What’s An Appropriate Age?
Pocket knives hold a most alluring appeal to children. They seem to be a most important rite of passage for both boys and girls. The look on the face of your child when he or she is bestowed with their first real pocket knife is a look that you will remember forever. It’s a mixture of joy, pride, and seriousness as they know this is putting them to a new level of being just a bit more grown up. I know as I am a mother of four and have seen this with both my sons and my daughter.
There is also a lot of controversy surrounding children and knives. I would say get over how knives promote violence. Anything at all promotes violence and putting that attachment to a knife, as your child watches you cut, chop, slice, and do everything else you do with a knife will leave you looking like a hypocrite. Knives are about having the most historical and well used tool in the history of being human, and your child inherently senses that.
Chances are your child will seem very interested in your own pocket knife, or wanting to cut things all by themselves, just like they see older kids and adults doing. Then they begin to notice that other people, maybe even some of their friends, have their own pocket knives and they will want to have one of their own. The popular question at this point is how do you determine what is the most appropriate age for a first pocket knife?
The first and most important pieces to look at when deciding if your child is old enough for their own pocket knife, is their maturity and responsibility level. Does your child follow directions? Does he/she have the responsibility and respect level that is required to handle a pocket knife? Making sure your child understands the importance of this can help set some great goals for you to work on together.
Start with Knife Safety Education
Teaching your child knife safety should come before allowing your child to handle anything sharp, whether it’s knives or scissors. How to hold them, carry them, and hand them back to you are the first skills that you can practice with them. One idea is to start with a butter knife, or some other item that could represent a knife and practice safe handling skills.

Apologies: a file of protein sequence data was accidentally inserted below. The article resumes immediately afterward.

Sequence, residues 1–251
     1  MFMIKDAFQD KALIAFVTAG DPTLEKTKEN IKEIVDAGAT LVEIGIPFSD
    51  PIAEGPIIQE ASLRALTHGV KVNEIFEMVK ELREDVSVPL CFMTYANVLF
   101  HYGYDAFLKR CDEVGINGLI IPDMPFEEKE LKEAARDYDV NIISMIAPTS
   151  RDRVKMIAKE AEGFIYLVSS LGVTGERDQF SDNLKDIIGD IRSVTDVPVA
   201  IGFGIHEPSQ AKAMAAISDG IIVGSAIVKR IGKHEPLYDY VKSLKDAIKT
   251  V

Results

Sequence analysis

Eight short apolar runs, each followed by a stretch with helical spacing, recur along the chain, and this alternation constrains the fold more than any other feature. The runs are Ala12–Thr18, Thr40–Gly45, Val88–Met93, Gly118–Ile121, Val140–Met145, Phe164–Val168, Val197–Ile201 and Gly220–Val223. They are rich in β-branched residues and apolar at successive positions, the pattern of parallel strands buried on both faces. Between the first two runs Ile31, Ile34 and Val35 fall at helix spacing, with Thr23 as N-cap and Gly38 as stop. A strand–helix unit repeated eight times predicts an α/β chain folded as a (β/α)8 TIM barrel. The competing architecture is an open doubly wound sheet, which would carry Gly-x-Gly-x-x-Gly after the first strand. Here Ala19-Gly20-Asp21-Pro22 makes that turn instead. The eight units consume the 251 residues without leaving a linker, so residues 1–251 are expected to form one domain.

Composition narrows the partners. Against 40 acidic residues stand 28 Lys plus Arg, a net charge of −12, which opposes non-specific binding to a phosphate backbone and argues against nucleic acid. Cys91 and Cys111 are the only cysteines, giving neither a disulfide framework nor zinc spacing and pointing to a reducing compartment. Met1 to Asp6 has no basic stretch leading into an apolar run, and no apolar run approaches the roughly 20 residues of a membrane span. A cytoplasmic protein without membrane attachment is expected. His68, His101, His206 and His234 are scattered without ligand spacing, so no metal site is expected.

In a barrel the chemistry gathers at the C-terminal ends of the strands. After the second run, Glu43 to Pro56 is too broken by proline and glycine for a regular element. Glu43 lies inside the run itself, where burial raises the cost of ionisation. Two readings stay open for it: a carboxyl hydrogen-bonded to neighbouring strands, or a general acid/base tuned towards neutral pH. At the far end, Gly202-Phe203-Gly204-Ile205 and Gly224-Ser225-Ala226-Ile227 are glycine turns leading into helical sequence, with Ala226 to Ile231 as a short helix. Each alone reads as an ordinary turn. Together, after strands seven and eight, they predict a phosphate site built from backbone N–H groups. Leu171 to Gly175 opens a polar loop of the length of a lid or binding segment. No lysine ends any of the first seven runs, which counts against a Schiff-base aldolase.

Safe Knife Handling:
- Always hold knives by the handle and pointed away from your body.
- Always carry knives pointed outward and point down. (If I have to tell you “don’t run with sharp pointy things, you probably shouldn’t have children, but you do want to make sure your child is very clear on that.)
- Hand a knife over handle first with the blade pointed down away from both your bodies.
Don’t just do these safe knife handling rules once and assume your child “gets it”. Practice it repeatedly until you are quite sure they have formed some good habits.
Pick Your Child’s First Pocket Knife
Once your child has mastered the skills involved in handling a pocket knife, pick an appropriate pocket knife for them. Victorinox has a most excellent line of first time pocket knives for young ones. They have rounded tips and are sharp, but not razor sharp. They are specifically engineered for a child of six or seven in mind.
Classic Red with Nail File
Classic Pink Translucent
Supervise All Activities with Your Child’s Pocket Knife
When you first give your child their pocket knife, make sure that you allow them to use it, hold it, perhaps carry if for just a little bit, with you watching them of course. Then, they need to give it back to you until the next opportunity that you can spend time with them and their pocket knife. This will assure that your child doesn’t “accidentally” take it to school or have an issue with it by allowing friends to handle it.
After a time, you will feel your child is old enough to have their pocket knife to keep in their room or around the house as they see fit, but make sure you feel 100% comfortable with this first. In the meantime, there will be plenty of opportunity for you and your child to enjoy quality time together while teaching them a skill they will use their entire life. You can teach them how to care for and even how to sharpen their knife when they are fully skilled in the basics.
My children still get excited today when they receive a gift of a new knife. Of course, they are much older now. We’ll soon be looking into kitchen knives and other utility knives for their first new homes/apartments as they set out on their own. But I’ll always remember their very own first pocket knife, and hearing from my children so will they.